"I want you to try this," she says to me, pouring the amber liquid into a glass. "It's whiskey, rock candy, and citrus peal. Supposedly, it was a formula for cough syrup."
"It's vile," I say taking a sip. "You better just give me that bottle for proper disposal."
"I think we'll put it back on the shelf now," she giggles, toasting me. "But I have another new whiskey for you to try."
After five months, she's started to figure me out. Good or ill. I do appreciate a bartender who drinks, even and especially with her customers. Otherwise, I might fear I was being poisoned.
She looks very much like a flapper girl, and, even though I know her given name, I'm tempted to call her Miss Parker. I don't, because Miss Parker was a cat of the gypsy's that turned out to be a boy. Of course the gypsy's pussy-cat!-would be male with a female name. That's just how things like this play out.
It's a Friday night down at the local watering hole. We talk about the week that's passed since we last all saw one another. There's musing of whether or not it'll snow. The weather seems to be an often-visited topic in the mountains.
Familiar faces come and go. It's because I brought a book. If I didn't, it'd have been quieter, and I'd have been staring blankly out the window, watching the lengthening twilight shadows. All in the name of a shot and a beer, I catch myself being social.
At some point, it gets brought up I'm Buddhist. One neighbor asks if that means facing Mecca, and I have to correct him. Another neighbor, a schoolteacher for money, eyes me oddly.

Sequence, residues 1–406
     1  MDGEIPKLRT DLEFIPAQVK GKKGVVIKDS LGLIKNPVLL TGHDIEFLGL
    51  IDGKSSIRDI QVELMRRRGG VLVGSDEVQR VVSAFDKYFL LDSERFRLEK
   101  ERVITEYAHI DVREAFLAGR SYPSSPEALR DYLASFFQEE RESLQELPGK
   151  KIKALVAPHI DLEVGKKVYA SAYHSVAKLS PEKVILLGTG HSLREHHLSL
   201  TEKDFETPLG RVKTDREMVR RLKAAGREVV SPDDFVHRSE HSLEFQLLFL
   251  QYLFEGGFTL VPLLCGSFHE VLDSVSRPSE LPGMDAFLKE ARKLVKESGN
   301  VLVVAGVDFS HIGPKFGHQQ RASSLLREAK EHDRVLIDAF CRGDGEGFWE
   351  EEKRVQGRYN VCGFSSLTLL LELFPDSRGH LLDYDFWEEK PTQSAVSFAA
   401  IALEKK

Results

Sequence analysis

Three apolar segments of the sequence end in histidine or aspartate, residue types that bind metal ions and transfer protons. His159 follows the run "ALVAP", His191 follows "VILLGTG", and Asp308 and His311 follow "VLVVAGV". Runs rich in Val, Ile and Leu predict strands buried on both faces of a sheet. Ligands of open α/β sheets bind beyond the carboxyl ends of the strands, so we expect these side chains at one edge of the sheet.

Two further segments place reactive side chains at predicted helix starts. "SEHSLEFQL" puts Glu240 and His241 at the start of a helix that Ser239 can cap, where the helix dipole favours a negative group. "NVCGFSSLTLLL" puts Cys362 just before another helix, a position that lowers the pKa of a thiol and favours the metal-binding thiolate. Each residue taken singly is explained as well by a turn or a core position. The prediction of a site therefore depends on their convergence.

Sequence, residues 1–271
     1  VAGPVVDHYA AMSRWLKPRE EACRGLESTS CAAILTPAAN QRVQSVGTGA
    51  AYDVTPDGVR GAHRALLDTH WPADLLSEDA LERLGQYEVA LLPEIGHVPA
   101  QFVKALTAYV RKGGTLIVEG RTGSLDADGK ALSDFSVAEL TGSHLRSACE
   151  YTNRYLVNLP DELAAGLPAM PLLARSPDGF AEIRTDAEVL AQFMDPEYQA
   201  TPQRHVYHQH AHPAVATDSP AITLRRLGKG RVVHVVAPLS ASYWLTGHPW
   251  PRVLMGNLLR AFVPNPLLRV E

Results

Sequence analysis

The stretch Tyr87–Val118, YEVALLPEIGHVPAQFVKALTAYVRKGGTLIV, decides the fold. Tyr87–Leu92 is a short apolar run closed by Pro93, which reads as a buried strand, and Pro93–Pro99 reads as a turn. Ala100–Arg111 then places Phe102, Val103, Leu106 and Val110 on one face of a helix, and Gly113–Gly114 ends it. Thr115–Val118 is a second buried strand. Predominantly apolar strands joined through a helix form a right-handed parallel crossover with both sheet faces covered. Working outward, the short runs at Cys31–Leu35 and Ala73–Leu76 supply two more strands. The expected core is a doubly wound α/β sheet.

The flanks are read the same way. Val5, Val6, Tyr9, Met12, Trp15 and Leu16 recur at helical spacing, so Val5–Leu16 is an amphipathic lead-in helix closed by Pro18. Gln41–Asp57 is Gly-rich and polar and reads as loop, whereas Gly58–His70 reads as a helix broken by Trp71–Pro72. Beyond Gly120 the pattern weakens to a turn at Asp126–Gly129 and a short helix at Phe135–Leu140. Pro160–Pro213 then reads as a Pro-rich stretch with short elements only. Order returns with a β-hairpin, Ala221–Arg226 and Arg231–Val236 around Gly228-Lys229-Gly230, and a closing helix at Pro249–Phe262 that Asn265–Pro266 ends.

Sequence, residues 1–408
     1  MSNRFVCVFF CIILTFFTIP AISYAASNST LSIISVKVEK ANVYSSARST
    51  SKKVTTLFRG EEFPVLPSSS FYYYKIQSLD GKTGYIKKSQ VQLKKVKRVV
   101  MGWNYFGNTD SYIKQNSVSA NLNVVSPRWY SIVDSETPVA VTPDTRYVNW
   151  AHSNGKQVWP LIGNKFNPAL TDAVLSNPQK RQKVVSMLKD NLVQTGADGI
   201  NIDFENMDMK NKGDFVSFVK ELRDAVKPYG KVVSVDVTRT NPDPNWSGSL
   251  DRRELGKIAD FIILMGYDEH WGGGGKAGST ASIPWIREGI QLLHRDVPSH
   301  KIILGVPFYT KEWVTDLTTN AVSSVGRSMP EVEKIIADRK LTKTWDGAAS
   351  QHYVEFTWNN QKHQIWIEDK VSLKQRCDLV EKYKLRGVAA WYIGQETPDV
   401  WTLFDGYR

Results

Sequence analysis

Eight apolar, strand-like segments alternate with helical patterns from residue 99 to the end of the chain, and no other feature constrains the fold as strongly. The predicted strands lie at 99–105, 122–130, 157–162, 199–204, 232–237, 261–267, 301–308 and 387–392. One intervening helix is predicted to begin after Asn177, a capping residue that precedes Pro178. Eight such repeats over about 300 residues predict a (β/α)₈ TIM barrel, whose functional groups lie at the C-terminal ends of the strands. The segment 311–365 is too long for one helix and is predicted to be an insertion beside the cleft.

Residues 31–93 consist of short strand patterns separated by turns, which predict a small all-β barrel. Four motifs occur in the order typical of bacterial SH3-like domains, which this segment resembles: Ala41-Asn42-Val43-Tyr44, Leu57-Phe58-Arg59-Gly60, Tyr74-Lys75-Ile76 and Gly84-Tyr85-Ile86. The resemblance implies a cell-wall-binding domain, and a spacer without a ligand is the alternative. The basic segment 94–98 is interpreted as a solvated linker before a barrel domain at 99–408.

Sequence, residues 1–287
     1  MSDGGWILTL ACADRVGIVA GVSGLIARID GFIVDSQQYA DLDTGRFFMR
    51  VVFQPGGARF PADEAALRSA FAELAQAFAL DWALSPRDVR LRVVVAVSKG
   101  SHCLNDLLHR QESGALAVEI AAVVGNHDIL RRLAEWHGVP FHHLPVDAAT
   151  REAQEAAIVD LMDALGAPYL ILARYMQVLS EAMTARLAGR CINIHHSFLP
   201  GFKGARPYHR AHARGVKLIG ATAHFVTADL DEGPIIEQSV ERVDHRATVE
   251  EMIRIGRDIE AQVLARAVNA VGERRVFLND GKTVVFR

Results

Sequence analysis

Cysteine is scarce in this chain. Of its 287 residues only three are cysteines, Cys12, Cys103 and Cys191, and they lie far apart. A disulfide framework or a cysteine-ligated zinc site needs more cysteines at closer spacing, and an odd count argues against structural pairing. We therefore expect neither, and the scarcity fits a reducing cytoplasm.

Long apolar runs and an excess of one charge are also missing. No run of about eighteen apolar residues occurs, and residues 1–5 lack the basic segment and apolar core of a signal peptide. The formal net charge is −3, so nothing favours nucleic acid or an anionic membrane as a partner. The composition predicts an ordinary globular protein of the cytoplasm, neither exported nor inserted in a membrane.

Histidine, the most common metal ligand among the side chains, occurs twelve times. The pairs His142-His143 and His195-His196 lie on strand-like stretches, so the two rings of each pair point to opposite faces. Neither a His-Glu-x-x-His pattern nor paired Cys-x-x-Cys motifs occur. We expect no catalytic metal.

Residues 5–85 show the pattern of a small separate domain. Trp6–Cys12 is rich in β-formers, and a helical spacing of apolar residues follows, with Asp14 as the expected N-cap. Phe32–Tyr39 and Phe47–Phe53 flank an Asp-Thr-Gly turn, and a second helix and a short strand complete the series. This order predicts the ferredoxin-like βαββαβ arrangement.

"I never said I was a good Buddhist," I say taking a sip of beer.
"It's just I never imagined you identifying with a major cult," the schoolteacher muses.
"Closest thing to my beliefs," I reply with a shrug, the cult thing not being insulting. After all, they have some great songs. Besides, a cult is merely the church down the lane from yours.
The man from Minnesota, who lives in the old hotel in town, comes in to do some open stage. His accent reminds me of the gypsy, and I want to ask him about finding me the culinary rarity of Canadian bacon. Again, I resist temptation. It's pointless to ask someone from Minnesota about Canadian bacon no matter how Canadian he sounds.
He starts up with a Neil Young song, the Canadian motif continues, though I'm the only one who notices. I turn to for my beer and notice a fresh tumbler of whiskey waiting for me. The bartender shoots me an innocent smirk.
"It's magic," she says.
"Praises be!" I take on my father's accent. "A miracle!"
I listen to a few songs and share a few conversations. It's only seven at night, but it's dark far too early these days, and it feels so much later. I tab out, say my good nights, promising to show up in a week. Outside, a few soft flakes of snow have started to fall.